Patterns in interaction design

Diane J Love

My opinion is that use of patterns in interaction design is a good idea. Pattern languages were developed to document the design of objects which users can see and interact with in the context of building architecture. Pattern languages were then adopted by OO practitioners to design aspects of software development, architecture and even project management which are not evident to the user. It is natural to expect pattern languages to be applicable to interaction design in software and hardware.

The flower and the seed

In applying a pattern language to interaction design, I consider it important not to lose sight of Alexander's own justification for developing a pattern language. This can be found in "The Timeless Way of Building":

Suppose you are trying to create a flower - a new kind of flower. How will you do it ? Of course you will not try to build it cell by cell, with tweezers. You know that any attempt to build  such a complex and delicate thing directly would lead to nothing… If you want to make a living flower, there is only one way to do it - you will have to build a seed for the flower and then let it, this seed, generate the flower… Only those indirect growth processes, in which order multiplies itself, only these kinds of processes can generate this biological complexity.

Alexander goes on to propose the pattern language as the counterpart in building to the genetic code which defines how the seed grows into the flower.

Pattern languages are independent of scale

Alexander's pattern language shares something with the science of fractals which demonstrates how an infinitely complex structure can be defined by a small set of rules and parameters which are applied at every scale. We can use our understanding of fractals to to understand objects in nature, such as plants, whose growth is defined by the same rules at many different scales.

Similarly, Alexander's "A Pattern Language" applies the same technique at all sizes in building architecture from a chair to a metropolis the size of London.

And yet Alexander's " The Timeless Way of Building" was published in 1979, well before the first book on fractals, Benoit Mandelbrot's "The Fractal Geometry of Nature" (1982). For a complete account of the underlying rules and fractal nature of plants growth, see "The Algorithmic Beauty of Plants" by P. Prusinkiewicz and A. Lindenmayer (1990).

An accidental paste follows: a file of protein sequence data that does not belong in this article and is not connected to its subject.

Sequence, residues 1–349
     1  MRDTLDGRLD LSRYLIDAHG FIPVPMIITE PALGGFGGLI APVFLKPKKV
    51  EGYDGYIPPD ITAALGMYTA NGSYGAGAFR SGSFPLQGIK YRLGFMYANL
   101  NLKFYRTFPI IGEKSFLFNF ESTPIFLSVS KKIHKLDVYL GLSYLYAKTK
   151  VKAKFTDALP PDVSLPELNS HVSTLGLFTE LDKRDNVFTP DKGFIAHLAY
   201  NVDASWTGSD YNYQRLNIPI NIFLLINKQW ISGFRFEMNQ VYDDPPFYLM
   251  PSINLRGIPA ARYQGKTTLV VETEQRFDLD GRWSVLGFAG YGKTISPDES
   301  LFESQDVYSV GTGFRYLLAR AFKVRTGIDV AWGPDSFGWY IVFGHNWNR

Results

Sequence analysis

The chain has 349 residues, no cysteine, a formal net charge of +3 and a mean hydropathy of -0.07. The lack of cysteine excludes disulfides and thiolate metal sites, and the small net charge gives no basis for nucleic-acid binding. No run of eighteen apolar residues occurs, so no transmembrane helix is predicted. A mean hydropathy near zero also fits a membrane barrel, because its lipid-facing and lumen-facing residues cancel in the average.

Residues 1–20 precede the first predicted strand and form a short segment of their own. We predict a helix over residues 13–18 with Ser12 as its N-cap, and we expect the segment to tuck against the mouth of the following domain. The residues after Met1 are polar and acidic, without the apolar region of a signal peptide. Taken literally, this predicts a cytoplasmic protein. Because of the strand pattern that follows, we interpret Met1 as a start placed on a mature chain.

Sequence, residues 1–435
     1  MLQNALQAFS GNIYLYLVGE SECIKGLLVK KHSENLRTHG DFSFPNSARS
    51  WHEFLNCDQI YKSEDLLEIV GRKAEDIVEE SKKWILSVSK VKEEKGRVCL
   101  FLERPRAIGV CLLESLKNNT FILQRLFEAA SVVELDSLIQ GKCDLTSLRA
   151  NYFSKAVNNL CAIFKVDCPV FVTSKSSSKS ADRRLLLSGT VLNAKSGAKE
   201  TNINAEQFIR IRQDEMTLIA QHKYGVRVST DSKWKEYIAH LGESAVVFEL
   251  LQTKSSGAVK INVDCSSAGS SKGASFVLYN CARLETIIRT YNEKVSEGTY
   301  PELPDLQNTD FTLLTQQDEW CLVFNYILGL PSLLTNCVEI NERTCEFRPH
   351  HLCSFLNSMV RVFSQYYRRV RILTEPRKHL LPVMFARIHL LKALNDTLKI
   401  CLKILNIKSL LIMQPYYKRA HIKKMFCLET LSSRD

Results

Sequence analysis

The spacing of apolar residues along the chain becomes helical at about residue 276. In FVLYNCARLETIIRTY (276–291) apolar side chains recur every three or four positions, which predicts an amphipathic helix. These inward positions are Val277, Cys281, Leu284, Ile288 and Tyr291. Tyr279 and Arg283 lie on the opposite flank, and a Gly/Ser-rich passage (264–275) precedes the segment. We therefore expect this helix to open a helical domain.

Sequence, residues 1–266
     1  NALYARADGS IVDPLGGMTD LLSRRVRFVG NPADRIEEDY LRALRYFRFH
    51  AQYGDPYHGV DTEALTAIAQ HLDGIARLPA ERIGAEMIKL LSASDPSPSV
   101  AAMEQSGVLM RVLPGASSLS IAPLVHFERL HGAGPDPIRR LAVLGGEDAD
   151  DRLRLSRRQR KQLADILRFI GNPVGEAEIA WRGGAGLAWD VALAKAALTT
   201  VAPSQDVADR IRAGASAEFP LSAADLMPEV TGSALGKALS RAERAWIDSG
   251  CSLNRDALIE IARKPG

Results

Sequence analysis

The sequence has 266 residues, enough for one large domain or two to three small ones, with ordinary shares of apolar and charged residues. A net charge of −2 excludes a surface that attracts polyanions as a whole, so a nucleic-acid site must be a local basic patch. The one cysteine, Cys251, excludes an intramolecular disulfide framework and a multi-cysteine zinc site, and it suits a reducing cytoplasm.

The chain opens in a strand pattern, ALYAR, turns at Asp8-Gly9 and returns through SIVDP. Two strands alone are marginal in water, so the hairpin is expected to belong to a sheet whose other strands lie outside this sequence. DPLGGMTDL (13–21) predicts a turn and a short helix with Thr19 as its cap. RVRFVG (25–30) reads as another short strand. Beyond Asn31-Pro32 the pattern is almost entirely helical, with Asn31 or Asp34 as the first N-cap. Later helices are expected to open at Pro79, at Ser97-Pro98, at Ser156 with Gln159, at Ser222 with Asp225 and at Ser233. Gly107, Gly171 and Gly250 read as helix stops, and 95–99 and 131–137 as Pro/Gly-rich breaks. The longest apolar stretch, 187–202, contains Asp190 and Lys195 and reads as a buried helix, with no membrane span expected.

We already use patterns in design

One of the strengths of pattern languages is that they are arguably nothing new - they are a natural human method of operation, as Alexander shows us time and again in examples of human habitations from around the world.

Pattern languages offer something new

Making best use of people

People are excellent at recognising patterns in every context - faces, pictures, speech, accents, plots of films and novels, interaction designs and management structures are just a few examples of things we can recognise effortlessly and instantly. A design methodology where recognising patterns is a central activity harnesses this human skill to best effect.

Naming patterns

Merely naming a pattern turns it into a reusable component, not only in literature and design documentation but also in informal and even verbal discussions between designers. Without the name we probably end up making up a nickname for it (eg "Mac Font DA mover selector") and end up having a parochial pattern language, in this case only understood by people who used Macintoshes some years ago. Publishing a set of named patterns  (eg "Choice of sublist from a long list ") allows everyone to use the same terminology.

Organising patterns

The hierarchical and hyperlinked organisation of patterns (particularly in hypertext rather than paper form) into a pattern language increases communication of experience by allowing the user of a pattern to navigate around the design problem: and thereby to find solutions which may be innovative in the given context.

Reusing patterns

In using a pattern language to document the solution to a design problem, we are obliged to focus on similarities to problems which have been solved before, rather than focussing exclusively on the aspects which are unique to the problem.


Alexander proposes that each element of a structure be "shaped by an autonomous process which allows it to adapt correctly to the whole," where chaos is avoided by the regulation of the pattern language. He also expects all the inhabitants of the structure to be involved in this process, with the same regulated autonomy.
Perhaps this is Alexander's greatest challenge to the interaction designer.

Antipatterns !

The pattern methodology can be extended to bad patterns as well as good, permitting a complementary route to improving designs by recognising bad design patterns and applying known solutions.


A position paper prepared for the Usability Pattern Language Workshop at Interact '99